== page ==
Part of me wants to keep up with the Joneses and go all-out with his education. Then there is another part of me that says I am being paranoid about the whole thing. That the most important factor for his future success in life is a set of parents who actively participate in his education and make him do his homework, that keep tabs on him, and show up to every event he is involved in. Parents that keep the channels of communication open with him, respect his interests, spend time with him, and let him know he is loved.

Success might really be as simple as that.

8 comments:

Piece of Work said...

I completely agree with your last paragraph, and I sure hope it's true. We don't have the money for private school, so public school is going to have to be what we make it. I tend to think of homeschooling as a little odd, too--but just because the thought of being inside with Isaac all day and actually trying to teach him something (nevermind having him *learn*) makes me want to vomit.

Mel said...

I think you're right. I also think there are a lot of different ways you can educate a child and none of them are necessarily right or wrong.

Heather said...

I think you're right too. I know kids who've gone through home school, private school, public school, and Montesorri, and some of them came through shining and others have challenges no matter WHICH educational track they went through.

Anvilcloud said...

Here, we always follow the current California ... about five or ten years after it has been scrapped there. Or so it always seems.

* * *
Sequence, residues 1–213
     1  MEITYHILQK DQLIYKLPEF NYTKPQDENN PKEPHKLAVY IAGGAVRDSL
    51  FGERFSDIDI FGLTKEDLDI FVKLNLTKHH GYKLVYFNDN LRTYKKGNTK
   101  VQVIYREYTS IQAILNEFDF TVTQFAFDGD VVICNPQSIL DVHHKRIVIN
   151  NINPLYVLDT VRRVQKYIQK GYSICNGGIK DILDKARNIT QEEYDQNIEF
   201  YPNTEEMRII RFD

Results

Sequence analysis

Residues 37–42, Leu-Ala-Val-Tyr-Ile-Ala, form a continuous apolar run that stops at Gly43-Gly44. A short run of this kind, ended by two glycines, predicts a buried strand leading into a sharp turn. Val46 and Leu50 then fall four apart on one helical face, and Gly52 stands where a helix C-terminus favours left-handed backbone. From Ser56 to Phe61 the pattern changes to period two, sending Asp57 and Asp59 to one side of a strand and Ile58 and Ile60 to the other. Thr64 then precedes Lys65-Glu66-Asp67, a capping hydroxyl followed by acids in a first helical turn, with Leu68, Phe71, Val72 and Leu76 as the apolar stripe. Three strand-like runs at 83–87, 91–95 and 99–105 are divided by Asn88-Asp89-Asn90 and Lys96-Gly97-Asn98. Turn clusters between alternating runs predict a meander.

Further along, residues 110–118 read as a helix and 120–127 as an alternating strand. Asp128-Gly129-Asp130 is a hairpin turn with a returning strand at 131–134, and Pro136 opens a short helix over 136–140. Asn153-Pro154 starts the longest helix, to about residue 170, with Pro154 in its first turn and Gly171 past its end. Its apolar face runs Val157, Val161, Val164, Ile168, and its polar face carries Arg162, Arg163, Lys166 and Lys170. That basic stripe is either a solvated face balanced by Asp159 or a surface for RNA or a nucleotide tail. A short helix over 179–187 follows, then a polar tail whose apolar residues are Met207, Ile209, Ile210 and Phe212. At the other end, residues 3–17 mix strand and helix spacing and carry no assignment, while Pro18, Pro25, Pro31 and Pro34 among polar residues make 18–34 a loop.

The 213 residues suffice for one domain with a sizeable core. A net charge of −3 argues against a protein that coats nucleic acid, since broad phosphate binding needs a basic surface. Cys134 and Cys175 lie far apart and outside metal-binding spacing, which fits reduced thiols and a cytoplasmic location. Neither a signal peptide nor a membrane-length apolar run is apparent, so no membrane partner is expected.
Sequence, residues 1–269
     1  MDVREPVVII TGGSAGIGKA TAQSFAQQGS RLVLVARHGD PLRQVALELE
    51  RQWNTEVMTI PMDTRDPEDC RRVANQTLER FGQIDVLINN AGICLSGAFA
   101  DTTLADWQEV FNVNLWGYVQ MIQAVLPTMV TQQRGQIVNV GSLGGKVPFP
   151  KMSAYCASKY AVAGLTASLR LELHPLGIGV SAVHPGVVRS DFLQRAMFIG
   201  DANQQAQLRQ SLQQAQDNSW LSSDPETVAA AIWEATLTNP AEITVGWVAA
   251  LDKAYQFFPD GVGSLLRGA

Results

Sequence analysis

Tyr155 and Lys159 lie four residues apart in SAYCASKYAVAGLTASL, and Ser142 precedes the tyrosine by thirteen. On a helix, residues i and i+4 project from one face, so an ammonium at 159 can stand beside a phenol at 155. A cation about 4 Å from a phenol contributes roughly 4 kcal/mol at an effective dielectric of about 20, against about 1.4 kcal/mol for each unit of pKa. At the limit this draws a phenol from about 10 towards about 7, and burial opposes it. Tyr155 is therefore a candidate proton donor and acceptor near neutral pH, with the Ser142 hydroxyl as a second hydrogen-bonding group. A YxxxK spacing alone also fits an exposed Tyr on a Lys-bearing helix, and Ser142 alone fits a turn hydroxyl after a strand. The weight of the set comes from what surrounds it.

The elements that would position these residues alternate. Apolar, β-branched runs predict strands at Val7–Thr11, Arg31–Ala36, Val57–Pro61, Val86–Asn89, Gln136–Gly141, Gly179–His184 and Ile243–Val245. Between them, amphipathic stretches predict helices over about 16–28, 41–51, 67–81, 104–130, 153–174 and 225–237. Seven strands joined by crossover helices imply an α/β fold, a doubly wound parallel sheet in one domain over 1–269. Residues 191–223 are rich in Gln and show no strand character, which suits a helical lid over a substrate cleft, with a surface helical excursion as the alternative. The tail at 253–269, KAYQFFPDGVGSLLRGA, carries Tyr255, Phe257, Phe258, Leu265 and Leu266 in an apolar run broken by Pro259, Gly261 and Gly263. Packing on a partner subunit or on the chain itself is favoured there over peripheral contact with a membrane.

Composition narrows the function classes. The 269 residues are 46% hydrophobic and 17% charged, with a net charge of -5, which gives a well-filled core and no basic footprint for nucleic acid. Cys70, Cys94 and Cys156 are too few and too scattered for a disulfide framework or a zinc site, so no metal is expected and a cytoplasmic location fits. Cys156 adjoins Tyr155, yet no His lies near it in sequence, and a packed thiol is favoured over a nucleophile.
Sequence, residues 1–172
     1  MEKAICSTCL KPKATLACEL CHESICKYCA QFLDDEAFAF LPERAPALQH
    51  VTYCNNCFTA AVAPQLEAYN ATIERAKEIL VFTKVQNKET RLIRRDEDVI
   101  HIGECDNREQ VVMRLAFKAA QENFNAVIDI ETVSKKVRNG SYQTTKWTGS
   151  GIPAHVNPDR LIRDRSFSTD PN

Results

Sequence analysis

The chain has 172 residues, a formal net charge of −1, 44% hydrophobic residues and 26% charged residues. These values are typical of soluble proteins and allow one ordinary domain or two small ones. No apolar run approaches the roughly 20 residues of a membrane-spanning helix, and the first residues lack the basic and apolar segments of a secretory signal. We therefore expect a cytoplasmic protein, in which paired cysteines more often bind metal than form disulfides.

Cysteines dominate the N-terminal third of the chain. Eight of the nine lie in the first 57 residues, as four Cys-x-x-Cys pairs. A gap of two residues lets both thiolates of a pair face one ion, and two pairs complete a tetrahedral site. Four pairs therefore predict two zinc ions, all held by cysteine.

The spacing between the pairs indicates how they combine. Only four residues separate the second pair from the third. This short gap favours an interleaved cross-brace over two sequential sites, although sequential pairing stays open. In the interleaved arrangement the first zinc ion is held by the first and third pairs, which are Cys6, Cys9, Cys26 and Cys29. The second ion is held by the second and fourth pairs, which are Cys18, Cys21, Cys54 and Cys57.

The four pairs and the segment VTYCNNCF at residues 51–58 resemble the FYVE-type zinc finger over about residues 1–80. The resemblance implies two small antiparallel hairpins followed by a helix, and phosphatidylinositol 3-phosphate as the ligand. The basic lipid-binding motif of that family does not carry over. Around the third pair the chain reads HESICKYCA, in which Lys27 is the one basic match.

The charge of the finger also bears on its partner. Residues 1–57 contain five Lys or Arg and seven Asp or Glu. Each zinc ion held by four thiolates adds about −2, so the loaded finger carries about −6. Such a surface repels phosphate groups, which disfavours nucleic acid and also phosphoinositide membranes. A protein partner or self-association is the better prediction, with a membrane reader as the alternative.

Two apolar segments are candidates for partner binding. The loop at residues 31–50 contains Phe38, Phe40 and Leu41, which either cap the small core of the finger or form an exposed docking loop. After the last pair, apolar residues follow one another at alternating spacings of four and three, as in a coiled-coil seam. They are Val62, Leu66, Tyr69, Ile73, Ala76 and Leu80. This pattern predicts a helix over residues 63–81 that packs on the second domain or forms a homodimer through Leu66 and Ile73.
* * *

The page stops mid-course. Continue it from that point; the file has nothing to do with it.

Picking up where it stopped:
WordsRock said...

Success is certainly much more likely with involved parents, and that applies to both private and public schools.

I think the best educational method varies from child to child. The trick is finding the one that best fits yours.

Suzanne

Karla said...

Oh Gina,
I have to believe that money can't buy happiness, and it certainly can't buy intelligence.

If that was the case, the state of our world is in grave danger considering the widening gap between the rich and the poor.

I guess however, you could argue it can buy you a fancy degree, which impresses and open doors in the world of career opportunities.

I have to agree with Suzanne in that success is more likely attained with parental involvement and finding learning methods that fit a child best.

But hey...I'm not a parent with a child in school, so I can only speak of what I believe in.

Sue said...

I agree with the comment above, that it depends very much on the child. Some benefit from schools of varying types, others don't. We've home educated our sons for the past eight years, and have no regrets. Before that they went to a small church school in the UK (but not a private one - lots of religious schools are state-sponsored there) and that was fine too. On the whole I think now that home education is better wherever possible - it takes the child's unique identity into account, it gives him so many more opportunities for learning and socialising, it frees him from peer pressure and the oppression of timetables and school bells. But not everyone likes it. I'd say: just take a year at a time, and let your child lead the way. If what you choose doesn't work out, it's always possible to try something else.

Elizabeth said...

My son is 16 and has been a Montessori kid since K. He now goes to a Montessori-based high school (technically, Montessori education stops at 6th grade).

He's a smart kid. I know I'm his mother but really, he's smart. I think that he has this basic, innate wisdom that he would still have with or without his education but I do believe he has gotten an incredible education and that has enhanced what was already there.

Of course, his education has cost a fortune but he's an only child so that makes it easy to pour some extra money into it. I would recommend that you at least look into the Montessori schools in your area.

In the end it's your comfort level and intuition that will make the decision for you. Other than that, just pay attention to him and he’ll be fine.